It could be you running or walking style that is contributing to your symptoms.
Running and walking are both a very repetitive activities. Running, particularly, also involves a relatively high level of impact; that is the amount of force going through your joints and muscles. Some studies suggest that during running the lower limb will have to cope with upwards of four times your bodyweight each time it hits the ground. Walking will also cause high loads on impact. This means that our muscles and joints have to be able to tolerate a lot of force over and over again when we are running. And for the most part they do that extremely well.
However, if we have imperfections in our running or walking style (gait), and no one, at least no one that I’ve seen, has perfect biomechanics, then we start to have the potential for these niggly muscle and joint issues. The longer (distance and/or time) that we run, the more likely we are to get an injury.
There is a lot of information on running styles circulating throughout the web, and it can be very confusing.
Pronation, heel strike, cadence are words that are all thrown around quite often, and they may be relevant to you, but they may not.
Here is a video describing over pronation https://www.youtube.com/watch?v=hzM0-9vILcA.
For some people this is a real problem and will cause pain in the foot, ankle, knee or even hip and back.
For others, it is there natural gait and does not cause any issue.
Here is Haille Gebrselassie, one of the greatest middle and long distance runners with his running style https://www.youtube.com/watch?v=EAW87NsiGuI.
He pronates quite a lot, but is able to run marathons with this gait pattern.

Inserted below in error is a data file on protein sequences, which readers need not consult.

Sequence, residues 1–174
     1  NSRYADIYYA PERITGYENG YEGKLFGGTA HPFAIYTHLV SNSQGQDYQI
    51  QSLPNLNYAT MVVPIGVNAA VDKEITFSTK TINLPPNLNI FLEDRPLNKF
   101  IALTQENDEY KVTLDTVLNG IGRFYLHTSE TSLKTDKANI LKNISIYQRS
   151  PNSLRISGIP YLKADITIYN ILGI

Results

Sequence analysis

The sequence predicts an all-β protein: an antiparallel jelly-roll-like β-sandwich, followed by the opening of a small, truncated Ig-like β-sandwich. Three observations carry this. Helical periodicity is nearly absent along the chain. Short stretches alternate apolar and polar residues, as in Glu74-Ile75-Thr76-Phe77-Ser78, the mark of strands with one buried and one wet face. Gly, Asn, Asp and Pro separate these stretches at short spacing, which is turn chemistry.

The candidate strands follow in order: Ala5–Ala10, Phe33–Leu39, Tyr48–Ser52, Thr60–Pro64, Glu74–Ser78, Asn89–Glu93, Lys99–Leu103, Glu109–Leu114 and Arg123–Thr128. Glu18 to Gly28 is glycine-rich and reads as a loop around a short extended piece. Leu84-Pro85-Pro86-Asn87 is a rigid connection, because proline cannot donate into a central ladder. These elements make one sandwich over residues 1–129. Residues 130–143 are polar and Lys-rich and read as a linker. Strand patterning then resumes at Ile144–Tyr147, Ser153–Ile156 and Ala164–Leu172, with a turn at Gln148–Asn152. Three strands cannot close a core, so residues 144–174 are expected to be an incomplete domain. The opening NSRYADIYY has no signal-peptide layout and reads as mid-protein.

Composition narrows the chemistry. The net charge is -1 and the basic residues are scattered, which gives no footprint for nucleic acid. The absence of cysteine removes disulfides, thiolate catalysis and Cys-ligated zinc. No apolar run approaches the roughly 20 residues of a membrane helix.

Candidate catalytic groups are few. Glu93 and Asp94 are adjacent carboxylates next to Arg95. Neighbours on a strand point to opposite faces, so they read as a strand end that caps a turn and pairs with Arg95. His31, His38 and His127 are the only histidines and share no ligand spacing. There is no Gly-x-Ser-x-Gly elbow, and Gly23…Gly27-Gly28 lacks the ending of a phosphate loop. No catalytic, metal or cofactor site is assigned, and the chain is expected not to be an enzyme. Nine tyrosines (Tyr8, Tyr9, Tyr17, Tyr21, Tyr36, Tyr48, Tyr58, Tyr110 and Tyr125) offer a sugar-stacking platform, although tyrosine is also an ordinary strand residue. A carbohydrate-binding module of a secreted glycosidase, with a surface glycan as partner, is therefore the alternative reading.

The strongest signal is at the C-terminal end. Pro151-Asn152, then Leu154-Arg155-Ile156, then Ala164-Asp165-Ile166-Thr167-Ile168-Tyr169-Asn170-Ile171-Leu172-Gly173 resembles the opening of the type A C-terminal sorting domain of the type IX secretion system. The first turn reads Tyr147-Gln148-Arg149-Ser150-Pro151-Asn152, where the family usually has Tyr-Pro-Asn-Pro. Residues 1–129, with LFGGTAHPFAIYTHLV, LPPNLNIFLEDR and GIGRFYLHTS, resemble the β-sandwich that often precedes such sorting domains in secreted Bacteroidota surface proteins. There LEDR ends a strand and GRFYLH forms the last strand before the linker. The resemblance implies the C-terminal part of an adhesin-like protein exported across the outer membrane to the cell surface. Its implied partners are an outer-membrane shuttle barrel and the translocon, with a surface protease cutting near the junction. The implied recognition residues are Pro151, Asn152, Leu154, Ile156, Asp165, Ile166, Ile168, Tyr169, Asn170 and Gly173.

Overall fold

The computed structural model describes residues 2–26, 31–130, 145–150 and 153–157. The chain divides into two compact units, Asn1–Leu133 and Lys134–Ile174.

There is also a lot of discussion around forefoot versus heel strike at initial contact during running and this inevitably slips into barefoot versus normal trainer versus minimal shoe, as Dr Michael Mosely discusses here https://www.youtube.com/watch?v=OOv9wdPvCFk.
So how do I know if you need to worry about these things?
You might take some footage of you running and try to analyse it for heel strike and pronation.
You can go to some sports stores who will do a quick gait analysis and recommend appropriate footwear to match your running style.
But the best thing you can do is see your physiotherapist for some expert advice. Some of these ‘abnormalities’ such as increased pronation may not actually be affecting or causing your niggly pain.
It could be, but it may be something else, like poor muscle strength around your hip, or too much increase in training load without enough recovery.
At myPhysioSA we can look at your gait pattern but also check your strength, motor control and range of movement and tie this in with the ‘how’ and ‘when’ you get your niggly pain.
We can pinpoint the issues that are affection your symptoms and let you know which ones you don’t need to worry about.
We’ve treated many runners with lot’s of different injuries and helped them to continue to run and get back to achieving their goals, be it keeping up with the Saturday morning Park Run or completing a marathon.
We are here to help you make it to the end!
Joshua Stewart, myPhysioSA Associate Physiotherapist